Straight talking, honest politics: put up taxes on over-40s to pay for care in case they need it when they are older

A poll suggests a majority of voters support higher national insurance to pay for social care, which could underpin a cross-party consensus on the way forward

Matt Hancock, the health secretary, said he was attracted to a social care plan put forward by MPs that would see over-40s taxed
Matt Hancock, the health secretary, said he was attracted to a social care plan put forward by MPs that would see over-40s taxed

One of the effects of Brexit has been to distract attention from other pressing questions of public policy. The scandal of “social care” – the cloudy euphemism for looking after old people who cannot fully look after themselves – has been dragging on since long before the EU referendum.

It was at the 2010 election that Andy Burnham, then health secretary, found the rug of cross-party consensus pulled out from under his feet. He was accused by the Conservatives of planning a “death tax” to pay for social care. Seven years later, the Conservatives reaped the whirlwind when Theresa May’s plan to require some owners of modest homes to sell up to pay for their care was called a “dementia tax” – a plan so toxic it alone was probably enough to deprive her party of its Commons majority.

Now there are signs that our political system is belatedly beginning to move in the right direction towards bipartisan agreement on the question of how to pay for better social care, which will be needed by millions more people in future.

As we report today, the Local Government Association, representing the country’s councils, calls on the government to increase national taxes to pay for the level of care that people expect.

It publishes an opinion poll by Britain Thinks that finds 56 per cent of people support higher national insurance contributions to make up the shortfall, with only 18 per cent opposed.

This comes three days after Matt Hancock, the health secretary, said he was attracted to a plan put forward by a joint select committee of MPs in the summer. Under this scheme, all workers over the age of 40 would pay a levy that goes into a fund earmarked for social care. The MPs pointed to the system in Germany, where the levy is 2.5 per cent of incomes and is charged – unlike national insurance – on workers and pensioners alike.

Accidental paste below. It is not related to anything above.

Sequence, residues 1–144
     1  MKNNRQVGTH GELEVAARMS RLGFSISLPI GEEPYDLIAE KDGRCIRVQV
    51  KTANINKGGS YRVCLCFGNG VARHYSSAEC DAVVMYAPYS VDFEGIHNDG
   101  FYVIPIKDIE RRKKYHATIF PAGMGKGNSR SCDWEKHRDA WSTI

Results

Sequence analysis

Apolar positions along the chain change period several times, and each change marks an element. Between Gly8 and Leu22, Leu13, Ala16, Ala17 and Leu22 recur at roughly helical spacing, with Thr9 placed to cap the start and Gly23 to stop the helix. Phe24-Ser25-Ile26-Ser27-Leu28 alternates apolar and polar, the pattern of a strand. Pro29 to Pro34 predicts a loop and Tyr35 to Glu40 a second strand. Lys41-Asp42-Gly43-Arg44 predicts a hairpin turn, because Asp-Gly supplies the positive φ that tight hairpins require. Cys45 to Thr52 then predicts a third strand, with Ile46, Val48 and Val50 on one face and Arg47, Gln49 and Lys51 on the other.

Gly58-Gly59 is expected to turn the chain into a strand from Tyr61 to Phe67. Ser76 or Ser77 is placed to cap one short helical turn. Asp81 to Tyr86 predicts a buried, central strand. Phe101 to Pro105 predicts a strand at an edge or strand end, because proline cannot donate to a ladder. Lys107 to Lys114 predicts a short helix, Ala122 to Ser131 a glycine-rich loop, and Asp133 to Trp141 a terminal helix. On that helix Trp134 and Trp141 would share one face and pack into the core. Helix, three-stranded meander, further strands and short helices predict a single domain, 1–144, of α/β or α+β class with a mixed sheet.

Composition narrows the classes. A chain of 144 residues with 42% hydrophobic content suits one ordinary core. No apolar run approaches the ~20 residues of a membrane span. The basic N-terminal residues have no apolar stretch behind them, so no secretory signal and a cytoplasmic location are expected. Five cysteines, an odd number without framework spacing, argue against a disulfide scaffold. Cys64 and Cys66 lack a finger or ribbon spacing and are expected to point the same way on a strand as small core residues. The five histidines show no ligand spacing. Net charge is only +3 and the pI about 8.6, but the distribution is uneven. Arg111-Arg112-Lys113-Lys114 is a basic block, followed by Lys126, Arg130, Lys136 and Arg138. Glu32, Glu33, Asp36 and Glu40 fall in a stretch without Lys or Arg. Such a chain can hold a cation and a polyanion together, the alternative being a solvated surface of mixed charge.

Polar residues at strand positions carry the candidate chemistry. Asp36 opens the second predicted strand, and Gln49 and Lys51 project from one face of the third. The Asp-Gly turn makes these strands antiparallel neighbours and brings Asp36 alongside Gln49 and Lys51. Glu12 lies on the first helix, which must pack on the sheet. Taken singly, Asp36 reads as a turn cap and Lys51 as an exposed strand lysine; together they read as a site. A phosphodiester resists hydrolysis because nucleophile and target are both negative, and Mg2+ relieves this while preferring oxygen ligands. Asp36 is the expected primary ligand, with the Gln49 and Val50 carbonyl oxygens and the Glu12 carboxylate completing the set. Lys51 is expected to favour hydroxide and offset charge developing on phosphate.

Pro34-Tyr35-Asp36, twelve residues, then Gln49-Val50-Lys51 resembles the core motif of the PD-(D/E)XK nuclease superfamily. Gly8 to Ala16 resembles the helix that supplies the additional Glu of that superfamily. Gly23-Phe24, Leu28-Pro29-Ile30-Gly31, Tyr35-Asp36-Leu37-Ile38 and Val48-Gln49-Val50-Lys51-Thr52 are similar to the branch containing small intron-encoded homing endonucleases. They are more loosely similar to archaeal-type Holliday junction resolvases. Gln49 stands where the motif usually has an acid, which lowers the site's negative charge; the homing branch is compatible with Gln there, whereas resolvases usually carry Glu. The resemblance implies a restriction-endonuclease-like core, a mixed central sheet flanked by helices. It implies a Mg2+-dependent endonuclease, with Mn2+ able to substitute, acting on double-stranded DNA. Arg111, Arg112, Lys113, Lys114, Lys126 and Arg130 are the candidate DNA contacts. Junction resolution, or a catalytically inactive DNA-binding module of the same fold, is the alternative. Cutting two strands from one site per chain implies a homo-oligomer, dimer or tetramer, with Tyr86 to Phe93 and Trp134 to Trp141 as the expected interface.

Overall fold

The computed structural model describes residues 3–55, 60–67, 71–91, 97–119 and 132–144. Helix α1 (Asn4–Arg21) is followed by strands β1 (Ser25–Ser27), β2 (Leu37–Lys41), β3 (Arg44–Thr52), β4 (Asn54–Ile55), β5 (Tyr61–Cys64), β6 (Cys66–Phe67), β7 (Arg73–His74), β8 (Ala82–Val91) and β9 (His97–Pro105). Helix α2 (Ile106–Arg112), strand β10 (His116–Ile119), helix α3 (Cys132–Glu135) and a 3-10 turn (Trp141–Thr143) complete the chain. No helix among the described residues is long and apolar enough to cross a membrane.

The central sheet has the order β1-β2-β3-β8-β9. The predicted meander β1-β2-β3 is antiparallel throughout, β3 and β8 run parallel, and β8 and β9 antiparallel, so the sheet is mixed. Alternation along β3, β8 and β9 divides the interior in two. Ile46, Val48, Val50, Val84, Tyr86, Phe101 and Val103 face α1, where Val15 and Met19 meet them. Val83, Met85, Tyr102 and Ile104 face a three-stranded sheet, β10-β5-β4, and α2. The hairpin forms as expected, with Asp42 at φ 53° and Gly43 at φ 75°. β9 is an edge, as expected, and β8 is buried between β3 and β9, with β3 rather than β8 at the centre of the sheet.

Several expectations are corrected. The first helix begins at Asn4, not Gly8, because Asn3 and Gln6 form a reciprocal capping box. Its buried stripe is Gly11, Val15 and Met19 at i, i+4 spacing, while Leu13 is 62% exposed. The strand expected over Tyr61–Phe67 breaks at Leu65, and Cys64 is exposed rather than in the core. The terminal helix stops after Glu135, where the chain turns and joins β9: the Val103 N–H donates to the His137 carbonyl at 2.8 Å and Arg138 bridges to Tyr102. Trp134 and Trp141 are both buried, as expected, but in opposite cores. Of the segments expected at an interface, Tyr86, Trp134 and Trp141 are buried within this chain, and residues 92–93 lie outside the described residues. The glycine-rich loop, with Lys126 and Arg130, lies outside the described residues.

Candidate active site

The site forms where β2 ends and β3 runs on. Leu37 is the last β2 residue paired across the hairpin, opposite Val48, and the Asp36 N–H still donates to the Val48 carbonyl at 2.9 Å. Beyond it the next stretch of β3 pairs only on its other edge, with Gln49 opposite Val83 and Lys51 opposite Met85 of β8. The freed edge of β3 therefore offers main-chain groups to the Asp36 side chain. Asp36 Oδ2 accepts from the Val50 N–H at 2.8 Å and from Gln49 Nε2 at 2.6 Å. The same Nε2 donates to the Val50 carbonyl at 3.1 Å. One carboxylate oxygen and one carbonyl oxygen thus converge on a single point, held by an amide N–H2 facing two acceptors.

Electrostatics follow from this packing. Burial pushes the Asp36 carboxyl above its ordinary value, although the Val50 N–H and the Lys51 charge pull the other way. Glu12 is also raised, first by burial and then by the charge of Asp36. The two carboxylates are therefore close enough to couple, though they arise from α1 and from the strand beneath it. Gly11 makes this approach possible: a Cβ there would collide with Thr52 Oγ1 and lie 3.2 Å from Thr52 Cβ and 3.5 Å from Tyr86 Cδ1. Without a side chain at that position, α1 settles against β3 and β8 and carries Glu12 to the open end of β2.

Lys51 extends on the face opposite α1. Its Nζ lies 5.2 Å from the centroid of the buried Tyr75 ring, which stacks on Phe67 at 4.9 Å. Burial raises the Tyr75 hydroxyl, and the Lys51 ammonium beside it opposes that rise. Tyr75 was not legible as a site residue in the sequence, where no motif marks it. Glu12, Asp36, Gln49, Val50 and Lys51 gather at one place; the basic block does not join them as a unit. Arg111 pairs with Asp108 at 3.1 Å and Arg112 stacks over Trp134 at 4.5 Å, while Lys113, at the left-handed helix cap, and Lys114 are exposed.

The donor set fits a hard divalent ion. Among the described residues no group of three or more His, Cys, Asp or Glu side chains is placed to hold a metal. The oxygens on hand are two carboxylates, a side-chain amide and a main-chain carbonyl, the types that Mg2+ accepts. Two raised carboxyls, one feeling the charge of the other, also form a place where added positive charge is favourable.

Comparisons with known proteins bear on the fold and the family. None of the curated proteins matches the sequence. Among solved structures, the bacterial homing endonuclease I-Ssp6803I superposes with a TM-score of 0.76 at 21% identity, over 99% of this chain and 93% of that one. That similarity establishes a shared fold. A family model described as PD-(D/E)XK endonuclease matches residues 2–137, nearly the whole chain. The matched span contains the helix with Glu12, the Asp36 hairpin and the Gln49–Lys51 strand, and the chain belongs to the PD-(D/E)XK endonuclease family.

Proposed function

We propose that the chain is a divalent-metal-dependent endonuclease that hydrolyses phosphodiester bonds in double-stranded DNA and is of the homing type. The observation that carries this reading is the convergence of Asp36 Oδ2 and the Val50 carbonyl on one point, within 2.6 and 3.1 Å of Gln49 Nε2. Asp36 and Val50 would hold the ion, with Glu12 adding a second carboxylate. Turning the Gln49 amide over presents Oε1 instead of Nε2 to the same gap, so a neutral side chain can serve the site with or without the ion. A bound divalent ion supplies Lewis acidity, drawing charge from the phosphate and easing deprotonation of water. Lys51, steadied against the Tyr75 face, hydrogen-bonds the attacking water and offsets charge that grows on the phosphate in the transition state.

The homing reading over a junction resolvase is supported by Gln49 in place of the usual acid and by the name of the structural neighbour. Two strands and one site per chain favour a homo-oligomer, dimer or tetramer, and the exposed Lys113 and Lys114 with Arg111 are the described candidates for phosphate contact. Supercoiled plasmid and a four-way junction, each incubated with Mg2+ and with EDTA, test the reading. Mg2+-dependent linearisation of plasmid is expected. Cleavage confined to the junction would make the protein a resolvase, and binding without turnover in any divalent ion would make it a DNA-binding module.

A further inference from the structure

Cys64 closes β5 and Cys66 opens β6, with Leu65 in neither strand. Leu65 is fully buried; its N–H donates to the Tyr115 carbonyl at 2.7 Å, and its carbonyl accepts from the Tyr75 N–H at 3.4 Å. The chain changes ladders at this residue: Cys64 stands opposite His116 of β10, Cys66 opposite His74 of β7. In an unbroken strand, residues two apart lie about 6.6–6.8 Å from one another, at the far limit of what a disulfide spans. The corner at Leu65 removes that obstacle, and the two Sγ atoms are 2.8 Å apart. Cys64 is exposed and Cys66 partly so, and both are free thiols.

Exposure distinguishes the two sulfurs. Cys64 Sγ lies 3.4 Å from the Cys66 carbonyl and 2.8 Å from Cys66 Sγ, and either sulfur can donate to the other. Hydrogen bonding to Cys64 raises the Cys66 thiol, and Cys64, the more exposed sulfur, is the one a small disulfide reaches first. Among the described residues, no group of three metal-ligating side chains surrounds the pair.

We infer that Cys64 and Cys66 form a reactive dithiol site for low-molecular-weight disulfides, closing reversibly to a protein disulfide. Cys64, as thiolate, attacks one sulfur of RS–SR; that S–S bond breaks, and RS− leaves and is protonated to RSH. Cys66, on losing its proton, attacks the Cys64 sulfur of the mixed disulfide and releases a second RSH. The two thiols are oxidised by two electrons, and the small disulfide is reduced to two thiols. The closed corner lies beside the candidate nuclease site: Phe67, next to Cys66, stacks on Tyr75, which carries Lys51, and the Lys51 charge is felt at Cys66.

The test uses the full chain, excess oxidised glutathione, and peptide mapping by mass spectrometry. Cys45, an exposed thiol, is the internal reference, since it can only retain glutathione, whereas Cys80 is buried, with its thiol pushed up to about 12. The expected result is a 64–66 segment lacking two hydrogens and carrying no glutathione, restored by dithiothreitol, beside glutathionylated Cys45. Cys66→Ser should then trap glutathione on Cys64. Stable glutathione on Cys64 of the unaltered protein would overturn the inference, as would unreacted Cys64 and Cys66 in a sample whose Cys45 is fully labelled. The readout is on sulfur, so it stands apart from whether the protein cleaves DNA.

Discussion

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It would be quite possible for such a levy to be incorporated into the national insurance system, which acts increasingly as a form of income tax, but with a more acceptable name. The name is important, because the concept of insurance is important both for securing public consent and for describing the purpose of the scheme.

The point of social care is that most people will not need it, but for the large and growing minority who will, the costs can be daunting. Hence the idea that all over-40s should pool the risk and contribute to a fund for those who will need it.

It may not be the perfect plan, but it has the huge advantage of cross-party support, which is the only foundation on which a long-term policy can be built. It may be that the distraction of Brexit has allowed a more pragmatic politics to flourish away from the clash of great egos and ideologies.

The Independent has long argued for better public services – in particular health, including mental health and social care, education, policing and social security – paid for by higher taxes.

Let us hope that this sensible, civilised approach is finally gaining ground.

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